To the halutzim, the labor pioneers of eastern Jewry who sought redemption for their people in the fields of Eretz Israel, Trumpeldor became a standard-bearer and, after his death at the hands of Arabs in the defense of Tel Hai in 1919, a sanctified martyr. His vision, of a community of soldier settlers dedicated to the defense of a country won from its soil by the plough, they thought revolutionary. It was, on the contrary, of the greatest antiquity, a rediscovery of the idea of ponos which underlay the Greek view of life. Ponos (toil) was what distinguished the farmer from the artisan, “who worked at home like a woman,” and so fitted him for war. Because the kibbutz was a collective rather than an individual enterprise, it would be wrong to regard the halutzim as hoplites reborn. There was nothing socialist about the Greeks. But Haganah, the military force which the halutzim raised under the Mandate to defend their settlements, nevertheless pursued aims which the ancient world would have perfectly understood.
There was, however, an alternative and quite contrary principle to ponos simultaneously at work in the military rebirth of the Jews: that of “toughness.” Personified in the shomrim of ha-Shomer, the society of watchmen who appointed themselves to protect the settlements of the pre-Mandate years, it sought to establish the Jew as a sort of Hebrew Bedouin, whose romantic garb the shomrim affected. Later it would flow into the military movements which detached themselves from Haganah in the 1930s, the Irgun and Lehi (the Stern Gang). Their philosophy, formed by Jabotinsky, was expansionist: they wanted an Israel large enough for the whole of world Jewry. Their ethos was adventurist: while Haganah confined itself to the defense of the kibbutzim against Arab terrorists, Irgun set about winning the involuntary respect of the Arabs by counterterrorism. The logic of their creed would eventually drive them into open conflict with the British, whom the Stern Gang continued to fight even while Hitler was killing their brethren in Europe.
It was out of these disparate elements that in 1948 the new state had to form its national army. The task was further complicated by the fact that Haganah had by then raised its own “tough” unit, the Palmach, which abounded in strong characters, notably Dayan, Rabin, and Allon. None, however, equaled in toughness David Ben-Gurion who drew on his own little-remarked military past to impose yet a third model on the emergent force. In 1918 he had served briefly in the Jewish Legion, which the British had raised to swell the army they fielded against the Turks in the Middle East. Short-lived though the Legion was, Corporal Ben-Gurion had been indelibly impressed by the professionalism of its British leadership and it was as a professional army that he determined Zahal should evolve. Its conscription system was modeled on that of Switzerland, its tactics on those of the Wehrmacht—a borrowing which Zahal disguised by claiming to have learned blitzkrieg from the writings of Liddell Hart and J.F.C. Fuller. But its essential character was to be that of an apolitical, war-fighting army of the sort which had defended British sovereignty since the seventeenth century.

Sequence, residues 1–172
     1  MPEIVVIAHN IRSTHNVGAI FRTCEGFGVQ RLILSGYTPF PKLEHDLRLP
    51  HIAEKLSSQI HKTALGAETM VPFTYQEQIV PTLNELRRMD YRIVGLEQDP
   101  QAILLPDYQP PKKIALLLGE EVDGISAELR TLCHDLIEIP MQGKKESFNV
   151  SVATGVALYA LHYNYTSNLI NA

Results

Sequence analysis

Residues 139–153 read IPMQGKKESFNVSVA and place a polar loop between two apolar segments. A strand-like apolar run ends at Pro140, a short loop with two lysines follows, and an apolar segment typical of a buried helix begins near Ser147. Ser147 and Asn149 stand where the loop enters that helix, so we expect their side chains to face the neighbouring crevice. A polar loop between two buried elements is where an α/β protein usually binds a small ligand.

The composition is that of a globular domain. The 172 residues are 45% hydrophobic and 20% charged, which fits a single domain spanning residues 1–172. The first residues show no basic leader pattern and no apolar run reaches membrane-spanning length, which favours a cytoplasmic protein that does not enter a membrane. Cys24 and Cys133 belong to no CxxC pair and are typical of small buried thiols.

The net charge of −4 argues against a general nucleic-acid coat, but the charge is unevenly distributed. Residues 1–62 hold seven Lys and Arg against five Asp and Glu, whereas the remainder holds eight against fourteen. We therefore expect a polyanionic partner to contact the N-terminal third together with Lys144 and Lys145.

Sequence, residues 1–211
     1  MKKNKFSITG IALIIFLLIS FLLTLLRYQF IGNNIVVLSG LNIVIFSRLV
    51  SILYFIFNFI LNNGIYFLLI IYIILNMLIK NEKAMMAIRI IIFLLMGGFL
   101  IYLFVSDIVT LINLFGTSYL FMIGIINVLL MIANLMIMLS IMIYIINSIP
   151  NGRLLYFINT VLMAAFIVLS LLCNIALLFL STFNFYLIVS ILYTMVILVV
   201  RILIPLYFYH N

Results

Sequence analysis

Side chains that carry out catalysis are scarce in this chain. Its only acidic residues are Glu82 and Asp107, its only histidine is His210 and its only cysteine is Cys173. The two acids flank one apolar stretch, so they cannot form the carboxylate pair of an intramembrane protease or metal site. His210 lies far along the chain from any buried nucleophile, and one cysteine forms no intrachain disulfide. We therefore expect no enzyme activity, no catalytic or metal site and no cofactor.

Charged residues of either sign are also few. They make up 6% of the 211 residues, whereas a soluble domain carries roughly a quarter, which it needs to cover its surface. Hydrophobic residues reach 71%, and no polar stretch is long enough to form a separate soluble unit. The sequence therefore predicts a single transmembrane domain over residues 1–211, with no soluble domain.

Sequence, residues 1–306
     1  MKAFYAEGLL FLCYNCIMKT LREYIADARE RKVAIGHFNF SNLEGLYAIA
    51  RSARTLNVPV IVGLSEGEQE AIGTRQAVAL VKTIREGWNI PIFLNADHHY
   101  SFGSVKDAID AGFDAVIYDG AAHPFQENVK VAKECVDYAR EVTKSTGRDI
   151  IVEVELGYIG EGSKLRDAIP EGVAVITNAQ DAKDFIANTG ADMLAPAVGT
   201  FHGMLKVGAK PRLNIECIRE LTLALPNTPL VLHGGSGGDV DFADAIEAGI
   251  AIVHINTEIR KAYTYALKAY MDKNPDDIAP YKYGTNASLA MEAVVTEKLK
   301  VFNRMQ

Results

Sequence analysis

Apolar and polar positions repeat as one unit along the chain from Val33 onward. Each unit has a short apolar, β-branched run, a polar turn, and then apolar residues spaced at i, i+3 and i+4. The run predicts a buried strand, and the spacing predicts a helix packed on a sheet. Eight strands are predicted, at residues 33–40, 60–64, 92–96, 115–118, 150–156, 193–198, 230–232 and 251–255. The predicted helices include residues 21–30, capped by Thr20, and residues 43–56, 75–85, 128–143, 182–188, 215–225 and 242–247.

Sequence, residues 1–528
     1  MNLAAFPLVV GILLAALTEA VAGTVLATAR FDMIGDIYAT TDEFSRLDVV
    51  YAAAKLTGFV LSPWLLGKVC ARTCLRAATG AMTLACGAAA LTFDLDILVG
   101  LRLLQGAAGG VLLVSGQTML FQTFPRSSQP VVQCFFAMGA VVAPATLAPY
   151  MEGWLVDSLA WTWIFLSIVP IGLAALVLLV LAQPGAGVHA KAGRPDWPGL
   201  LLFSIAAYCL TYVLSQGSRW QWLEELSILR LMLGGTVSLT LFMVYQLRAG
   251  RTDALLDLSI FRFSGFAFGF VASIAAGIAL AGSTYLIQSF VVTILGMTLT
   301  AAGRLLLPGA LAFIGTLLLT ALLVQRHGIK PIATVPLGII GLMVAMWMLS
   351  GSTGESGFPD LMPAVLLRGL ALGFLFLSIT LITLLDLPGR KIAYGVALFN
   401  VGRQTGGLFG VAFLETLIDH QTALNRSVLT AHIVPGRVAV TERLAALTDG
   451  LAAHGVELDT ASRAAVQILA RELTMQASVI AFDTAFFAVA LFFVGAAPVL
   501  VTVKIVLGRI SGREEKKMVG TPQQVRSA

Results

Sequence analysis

Zahal’s victories in the four wars fought since 1947 demonstrate the soundness of Ben-Gurion’s decision. Neither an agricultural militia nor a military elite could have won the battles of the Jerusalem Road, the Mitla Pass, the Golan Heights, or Chinese Farm. Even more emphatically, neither could have given to the people of the Return the self-confidence which expunged the centuries when a Jew could not be a soldier. Yet Ben-Gurion’s amalgam did not altogether succeed in obliterating the separate roots from which Zahal sprang. In Nahal, the “Fighting Pioneer Youth,” the kibbutzniks have preserved the spirit of Trumpeldor. And in a re-current Zahal type, of whom Ariel Sharon is the most prominent, Jabotinsky’s ideal of the “tough Jew” persists. Yoni was clearly one of that type. His letters epitomize their mood and outlook.
Thus we find him at the outset attending the reinterment in Jerusalem of Jabotinsky’s remains, from which Ben-Gurion pointedly absented himself. It is clear that he has absolutely no interest in the Arabs, except as enemies or as casually encountered aliens whose fear of his uniform and weapons he takes for granted. He is no intellectual. His father’s scholarship is a source of pride but at the age of twenty-eight he has still not got his BA and his many enrollments at universities—Harvard, Brandeis, the Hebrew University—seem flirtations with learning. He is not religious. Jewish ritual pleases him but the Bible is a source of military history rather than spiritual refreshment. He is not a family man. Brothers and parents are much written to but he is more often away from them than with them; and his brief marriage is put aside without apparent regret. He does not even much cultivate friendship. “The truth is that I don’t have many friends and never did.”
His heart belongs elsewhere: to Zahal and the land it defends. “Zahal is the only thing which stands between ourselves and the slaughter of our people as in days gone by.” So Zahal must be served with total dedication. “I prayed for rain so that I could train with my soldiers in the mud. It’s at least twice as hard…. Your entire body actually freezes! At times when I was a green soldier and we went on long marches in the mud and everyone was cursing away, I’d feel content and start to laugh.” This combination of endurance and competitiveness assured his advancement at every stage. Selected for the paratroops, he is then selected for officer school with the highest possible marks, named outstanding cadet at officer school, promoted lieutenant, captain, major, and lieutenant-colonel ahead of time and his contemporaries, awarded (in secret) the Distinguished Combat Citation for bravery in the 1973 war and chosen finally to command what the book coyly calls “an elite unit” (Zahal’s obsessive secrecy again) but is the Israeli equivalent of the British SAS.